The largest public park in Paris, the Bois de Vincennes, is an absolute delight for cyclists.
A few minutes in the Bois de Vincennes and it's easy to forget you're just a half hour by bike from the Louvre and even closer to the banks of the Seine.
The Bois de Vincennes – the Woods of Vincennes – really are like a magical faraway land of lakes and parks and forest-lined bike routes. If you have a spare hour in Paris – for that's all it takes to fall in love with this place – then a simple bike ride through the heart to of the woods is a lovely antidote to the crowds of the city proper.
Located in the 12th arrondissement on the eastern edge of the city, the Bois de Vincennes covers some 995 hectares of prime Paris real estate. You can fit three New York Central Parks into the the Bois de Vincennes, which also nudges out London's Richmond Park by 40 hectares.
The brainchild of Napoleon III, the park's development dates back to 1855, though the woods themsevles were used for hunting during Roman times and the nearby Chateau de Vincennes was started by King Philip VI of France in 1336. It was a key residency for French kings until Louis XIV decided in 1682 that he preferred Versailles. Chateau de Vincennes is now open to the public.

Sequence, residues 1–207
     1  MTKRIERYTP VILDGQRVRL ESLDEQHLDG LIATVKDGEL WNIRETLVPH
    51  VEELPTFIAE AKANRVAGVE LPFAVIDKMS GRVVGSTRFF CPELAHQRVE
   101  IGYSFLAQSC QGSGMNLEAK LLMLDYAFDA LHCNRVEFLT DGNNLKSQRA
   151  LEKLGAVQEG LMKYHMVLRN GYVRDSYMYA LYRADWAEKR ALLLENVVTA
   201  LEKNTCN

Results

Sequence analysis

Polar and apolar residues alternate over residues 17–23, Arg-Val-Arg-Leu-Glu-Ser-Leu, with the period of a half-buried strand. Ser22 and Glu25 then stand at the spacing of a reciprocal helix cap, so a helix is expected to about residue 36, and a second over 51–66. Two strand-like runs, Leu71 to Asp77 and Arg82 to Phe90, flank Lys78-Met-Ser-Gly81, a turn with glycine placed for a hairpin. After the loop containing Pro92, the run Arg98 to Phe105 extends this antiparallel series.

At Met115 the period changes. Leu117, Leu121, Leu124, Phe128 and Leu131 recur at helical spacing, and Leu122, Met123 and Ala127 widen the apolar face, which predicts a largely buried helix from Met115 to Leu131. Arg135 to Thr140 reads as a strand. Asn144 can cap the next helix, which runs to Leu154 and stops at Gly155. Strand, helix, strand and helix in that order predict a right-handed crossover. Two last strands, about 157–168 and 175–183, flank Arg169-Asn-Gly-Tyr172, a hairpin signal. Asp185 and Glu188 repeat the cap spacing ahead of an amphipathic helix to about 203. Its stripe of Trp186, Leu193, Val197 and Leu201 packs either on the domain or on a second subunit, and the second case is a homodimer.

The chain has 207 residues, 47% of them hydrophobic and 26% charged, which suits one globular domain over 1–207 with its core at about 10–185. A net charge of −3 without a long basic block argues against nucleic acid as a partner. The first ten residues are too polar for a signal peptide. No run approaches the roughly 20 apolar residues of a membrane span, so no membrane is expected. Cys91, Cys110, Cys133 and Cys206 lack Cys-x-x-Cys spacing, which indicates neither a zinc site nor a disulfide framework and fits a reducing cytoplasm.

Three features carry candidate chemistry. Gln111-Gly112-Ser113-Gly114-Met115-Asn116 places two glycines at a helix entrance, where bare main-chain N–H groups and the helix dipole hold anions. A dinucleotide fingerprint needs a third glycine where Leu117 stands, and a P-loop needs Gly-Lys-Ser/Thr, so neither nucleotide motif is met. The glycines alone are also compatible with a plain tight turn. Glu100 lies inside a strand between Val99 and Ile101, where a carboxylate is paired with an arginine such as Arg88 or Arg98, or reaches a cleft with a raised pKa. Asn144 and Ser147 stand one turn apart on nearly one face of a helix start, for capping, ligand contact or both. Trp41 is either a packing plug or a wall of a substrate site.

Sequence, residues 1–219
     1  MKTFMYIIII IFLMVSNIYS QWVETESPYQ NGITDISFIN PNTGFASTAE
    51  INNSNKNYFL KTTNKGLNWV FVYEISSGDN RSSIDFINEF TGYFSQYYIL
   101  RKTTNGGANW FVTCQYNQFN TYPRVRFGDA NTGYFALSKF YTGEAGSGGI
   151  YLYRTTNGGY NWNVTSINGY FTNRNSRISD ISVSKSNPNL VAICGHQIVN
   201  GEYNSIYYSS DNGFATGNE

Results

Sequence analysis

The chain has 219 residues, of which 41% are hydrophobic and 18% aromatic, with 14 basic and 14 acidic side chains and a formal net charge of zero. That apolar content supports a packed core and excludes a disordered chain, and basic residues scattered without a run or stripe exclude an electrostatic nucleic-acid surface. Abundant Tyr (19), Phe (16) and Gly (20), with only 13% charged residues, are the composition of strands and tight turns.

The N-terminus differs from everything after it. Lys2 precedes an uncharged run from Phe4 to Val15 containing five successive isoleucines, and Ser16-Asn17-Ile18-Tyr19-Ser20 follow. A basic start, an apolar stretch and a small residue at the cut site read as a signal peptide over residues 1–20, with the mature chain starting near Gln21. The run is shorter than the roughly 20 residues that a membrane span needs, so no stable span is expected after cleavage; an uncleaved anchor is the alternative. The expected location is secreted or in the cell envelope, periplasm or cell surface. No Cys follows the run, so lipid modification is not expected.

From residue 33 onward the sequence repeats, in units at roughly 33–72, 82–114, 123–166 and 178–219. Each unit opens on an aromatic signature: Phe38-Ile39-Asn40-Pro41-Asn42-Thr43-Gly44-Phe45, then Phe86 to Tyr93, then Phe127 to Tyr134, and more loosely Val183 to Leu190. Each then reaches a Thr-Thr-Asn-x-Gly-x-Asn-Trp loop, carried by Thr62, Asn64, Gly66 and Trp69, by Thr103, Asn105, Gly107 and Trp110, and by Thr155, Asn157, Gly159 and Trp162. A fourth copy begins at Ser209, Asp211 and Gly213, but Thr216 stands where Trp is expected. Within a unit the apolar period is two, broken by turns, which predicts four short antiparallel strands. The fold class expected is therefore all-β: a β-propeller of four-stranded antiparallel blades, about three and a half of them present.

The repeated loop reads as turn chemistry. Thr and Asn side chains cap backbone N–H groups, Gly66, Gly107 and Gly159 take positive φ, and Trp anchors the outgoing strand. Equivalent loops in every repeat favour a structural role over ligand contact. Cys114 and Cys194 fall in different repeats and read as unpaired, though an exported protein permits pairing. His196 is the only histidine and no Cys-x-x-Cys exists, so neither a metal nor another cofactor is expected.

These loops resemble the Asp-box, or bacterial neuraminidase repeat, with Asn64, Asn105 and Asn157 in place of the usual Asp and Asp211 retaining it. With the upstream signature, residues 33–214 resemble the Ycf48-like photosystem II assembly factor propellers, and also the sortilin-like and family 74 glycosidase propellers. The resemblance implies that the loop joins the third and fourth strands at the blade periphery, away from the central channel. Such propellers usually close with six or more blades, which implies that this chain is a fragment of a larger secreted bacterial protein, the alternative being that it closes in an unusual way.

The 1900 summer Olympics were largely based in the Bois de Vincennes, including the cycling, which was housed in the velodrome here (there's still a public velodrome in the western corner of the park).
Today, cyclists whizz around the park and through the woods at their leisure. While it's possible to find a secluded wooded path during the daytime, the woods are commuter central before and after work, providing a stress-free passage to the office for locals.
There are four lakes providing ideal picnic spots and boats for rental. Covering 12 hectares, Lac Daumesnil is the largest of the lakes and a key focal point of the park. (Londoners will perhaps equate the feel of the area around here to that of Battersea Park, though I didn't see a single sign that banned cycling and stopped me in my tracks).
The Parc floral de Paris, one of four botanical gardens in Paris, is in the north of the park, the Paris zoo in the west, a farm in the east, and everything from the largest Buddha in Europe to archery, baseball and outdoor theatres in between. Oh, and the ocasional cafe as well.
There are designated bike routes throughout the Bois de Vincennes, which is – with the exception of a few crossroads – is a car-free zone. There are Vélib bike share docking stations in the park, while bikes (with baskets and pannier racks) are also available from the nearby Hotel de La Porte Dorée on the edge of the forest (and the hotel we stayed at). It's run by cyclists – the owners, Christina and Laurent, cycle through the woods every day on their way to work.
Paris is many things – wonderful tourist attractions, famous buildings and galleries and museums galore. It's also – more and more – becoming one of the world's truly great cycling cities.
This is nowhere more evident that in the Bois de Vincennes.
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